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Web Date: June 21, 2012

Prions Partner Up With DNA

Biochemistry: The disease-causing proteins bind to DNA and form toxic aggregates
Department: Science & Technology | Collection: Life Sciences
News Channels: Biological SCENE
Keywords: prion, DNA-protein interactions, aggregation, transmissible spongiform encephalopathy, TSE
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TOXIC BONDING
By themselves, prion proteins don’t clump much (top, scale bar represents 20 µm). But when the 18-base-pair D44 DNA sequence binds with prions (center, scale bar 20 µm), aggregates of the proteins form. The 21-base-pair D67 sequence complexes with prions (bottom, scale bar 50 µm) to form even larger aggregates. Images are from transmission electron microscopy.
Credit: Yraima Cordeiro
20120621lnj1-proteinarray
 
TOXIC BONDING
By themselves, prion proteins don’t clump much (top, scale bar represents 20 µm). But when the 18-base-pair D44 DNA sequence binds with prions (center, scale bar 20 µm), aggregates of the proteins form. The 21-base-pair D67 sequence complexes with prions (bottom, scale bar 50 µm) to form even larger aggregates. Images are from transmission electron microscopy.
Credit: Yraima Cordeiro

Prion proteins, famous for causing mad cow and Creutzfeldt-Jakob diseases, have long posed a mystery to scientists. They seem to replicate and spread disease without the participation of genetic material. But researchers have for the first time identified DNA interactions that lead to prion aggregation and cell toxicity (Biochemistry, DOI: 10:1021/bi300440e).

Scientists think that prions serve as cell-signaling proteins in the nervous system. But misfolded prions can become infectious, causing transmissible spongiform encephalopathies such as mad cow disease. The protein-only hypothesis for TSE diseases holds that when infectious prions encounter typical prions on extracellular membranes, they convert them to infectious forms that continue spreading. The misfolded prions then start clumping together into aggregates, killing nerve cells, scientists have found.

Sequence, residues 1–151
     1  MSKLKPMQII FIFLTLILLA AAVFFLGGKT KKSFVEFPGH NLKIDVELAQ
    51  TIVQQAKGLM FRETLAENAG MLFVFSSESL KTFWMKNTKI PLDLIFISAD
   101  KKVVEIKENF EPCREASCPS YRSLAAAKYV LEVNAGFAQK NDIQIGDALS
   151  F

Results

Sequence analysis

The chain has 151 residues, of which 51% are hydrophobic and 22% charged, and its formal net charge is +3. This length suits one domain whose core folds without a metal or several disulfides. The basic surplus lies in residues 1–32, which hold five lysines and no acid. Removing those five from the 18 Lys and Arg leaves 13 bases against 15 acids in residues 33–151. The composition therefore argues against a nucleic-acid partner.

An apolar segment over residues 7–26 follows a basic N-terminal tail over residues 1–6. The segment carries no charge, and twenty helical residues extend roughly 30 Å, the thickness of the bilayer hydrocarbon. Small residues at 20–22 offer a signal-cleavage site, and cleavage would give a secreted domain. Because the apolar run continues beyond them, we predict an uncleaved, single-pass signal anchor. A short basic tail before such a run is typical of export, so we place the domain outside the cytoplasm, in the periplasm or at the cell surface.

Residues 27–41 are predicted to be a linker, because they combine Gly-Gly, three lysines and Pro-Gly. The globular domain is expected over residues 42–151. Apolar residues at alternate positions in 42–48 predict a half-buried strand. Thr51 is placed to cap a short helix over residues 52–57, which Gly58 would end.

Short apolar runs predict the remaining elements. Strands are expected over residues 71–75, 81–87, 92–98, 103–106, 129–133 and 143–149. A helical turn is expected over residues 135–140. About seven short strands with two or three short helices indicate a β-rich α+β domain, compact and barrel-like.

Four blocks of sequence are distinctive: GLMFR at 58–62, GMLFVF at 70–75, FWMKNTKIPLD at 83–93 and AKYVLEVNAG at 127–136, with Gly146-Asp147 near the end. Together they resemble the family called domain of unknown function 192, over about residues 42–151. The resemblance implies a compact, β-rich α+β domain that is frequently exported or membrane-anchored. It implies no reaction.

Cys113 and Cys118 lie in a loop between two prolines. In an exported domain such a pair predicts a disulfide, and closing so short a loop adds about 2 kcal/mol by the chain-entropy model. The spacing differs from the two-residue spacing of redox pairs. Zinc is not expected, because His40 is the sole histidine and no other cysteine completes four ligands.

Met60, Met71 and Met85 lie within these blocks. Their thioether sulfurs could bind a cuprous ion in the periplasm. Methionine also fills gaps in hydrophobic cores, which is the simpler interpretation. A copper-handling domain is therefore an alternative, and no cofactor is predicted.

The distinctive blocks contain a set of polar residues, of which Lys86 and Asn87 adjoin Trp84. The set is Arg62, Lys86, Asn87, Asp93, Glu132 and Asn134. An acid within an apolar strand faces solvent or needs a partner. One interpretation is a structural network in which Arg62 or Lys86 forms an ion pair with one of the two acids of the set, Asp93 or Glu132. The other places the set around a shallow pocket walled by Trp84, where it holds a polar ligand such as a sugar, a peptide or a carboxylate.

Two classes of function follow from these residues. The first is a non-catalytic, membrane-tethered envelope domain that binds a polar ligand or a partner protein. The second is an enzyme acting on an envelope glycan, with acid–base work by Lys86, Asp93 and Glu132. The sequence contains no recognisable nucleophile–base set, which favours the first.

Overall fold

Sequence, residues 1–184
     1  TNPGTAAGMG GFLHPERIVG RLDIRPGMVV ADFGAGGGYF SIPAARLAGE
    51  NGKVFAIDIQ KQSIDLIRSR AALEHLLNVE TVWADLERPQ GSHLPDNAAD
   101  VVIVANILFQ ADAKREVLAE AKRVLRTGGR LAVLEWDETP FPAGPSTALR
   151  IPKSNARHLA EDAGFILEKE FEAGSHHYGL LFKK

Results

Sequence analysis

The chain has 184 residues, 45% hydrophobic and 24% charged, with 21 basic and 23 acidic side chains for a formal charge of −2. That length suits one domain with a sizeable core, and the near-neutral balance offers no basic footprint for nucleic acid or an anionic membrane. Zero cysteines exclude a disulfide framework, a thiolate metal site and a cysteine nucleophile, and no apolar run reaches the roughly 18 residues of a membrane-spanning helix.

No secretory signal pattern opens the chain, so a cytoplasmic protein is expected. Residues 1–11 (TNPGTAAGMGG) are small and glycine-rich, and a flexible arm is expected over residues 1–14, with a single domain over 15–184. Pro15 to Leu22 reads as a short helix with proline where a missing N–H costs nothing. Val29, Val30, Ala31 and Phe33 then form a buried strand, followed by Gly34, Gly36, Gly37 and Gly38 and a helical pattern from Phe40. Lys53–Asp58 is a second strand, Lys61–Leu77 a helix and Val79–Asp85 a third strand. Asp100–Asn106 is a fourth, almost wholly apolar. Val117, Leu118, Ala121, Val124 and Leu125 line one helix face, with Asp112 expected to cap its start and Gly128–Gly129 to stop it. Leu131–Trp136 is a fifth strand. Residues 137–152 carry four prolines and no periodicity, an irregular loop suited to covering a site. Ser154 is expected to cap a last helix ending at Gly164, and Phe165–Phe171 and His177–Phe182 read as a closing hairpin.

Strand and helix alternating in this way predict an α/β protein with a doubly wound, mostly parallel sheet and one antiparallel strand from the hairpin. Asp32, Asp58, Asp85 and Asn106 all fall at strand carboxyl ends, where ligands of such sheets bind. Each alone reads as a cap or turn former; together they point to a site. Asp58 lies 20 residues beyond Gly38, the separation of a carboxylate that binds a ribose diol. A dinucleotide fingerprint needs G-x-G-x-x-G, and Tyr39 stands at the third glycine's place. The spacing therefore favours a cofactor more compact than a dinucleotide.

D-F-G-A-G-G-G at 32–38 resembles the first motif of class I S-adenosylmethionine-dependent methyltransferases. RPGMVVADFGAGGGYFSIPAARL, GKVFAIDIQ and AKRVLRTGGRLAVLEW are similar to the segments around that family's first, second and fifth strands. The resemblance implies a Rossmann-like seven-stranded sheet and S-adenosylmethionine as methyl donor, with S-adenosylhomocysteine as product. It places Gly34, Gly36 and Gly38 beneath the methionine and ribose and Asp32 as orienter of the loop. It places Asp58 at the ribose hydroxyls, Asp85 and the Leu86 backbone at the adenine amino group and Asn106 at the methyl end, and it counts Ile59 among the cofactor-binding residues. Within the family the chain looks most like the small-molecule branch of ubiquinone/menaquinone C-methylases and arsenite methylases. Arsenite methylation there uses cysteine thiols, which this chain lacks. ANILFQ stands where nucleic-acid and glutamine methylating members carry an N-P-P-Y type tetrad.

Yraima Cordeiro and Jerson L. Silva of the Federal University of Rio de Janeiro and their colleagues wondered whether DNA might take part in prion diseases. Previous studies by them and other researchers had shown that nucleotides can bind to prions, so the group decided to mix normal mouse prions with two short, doubled-stranded DNA sequences that they call D44 and D67. The resultant prion-DNA complexes aggregated into clumps, which the researchers observed using three spectroscopic techniques and transmission electron microscopy. The prions alone didn’t aggregate. Both types of prion-DNA aggregates also killed neuroblastoma cells, the researchers found.

Using D67, D44, and two additional variants of each sequence, the researchers tried to figure out which characteristics might be responsible for the aggregation and toxicity of the prion-DNA complexes. The properties they examined were sequence length, specific base-pair order, and the number of guanine and cytosine bases. The only variable that seemed to matter was DNA sequence length: The 21-base-pair sequences led to larger prion aggregates than did the 18-base-pair sequences.

Cordeiro and her team’s work shows how biomacromolecules other than proteins, such as nucleic acids, might take part in prion-mediated diseases such as TSEs, says Rafael Giraldo, who studies the aggregation of proteins and DNA at Spain’s National Research Council. The interactions Cordeiro saw between DNA and prions don’t adhere to the protein-only aspect of the traditional hypothesis of prion disease transmission, he adds. But the research doesn’t contradict the central idea that proteins are the infectious agent. That’s because, Giraldo says, the nucleic acids in the study do not encode genetic information required for prion propagation.

The assistance of another molecule in prion disease development could help explain the prion species barrier, Cordeiro says. The prions in different organisms are very similar in amino acid sequence, but one organism’s infectious prions rarely cause disease in other species. Each species might require a different helper biomolecule to get prions to aggregate, she says. Her team is now studying a wider range of nucleic acid sequences to determine whether they play a role in prion toxicity and infectivity.

 
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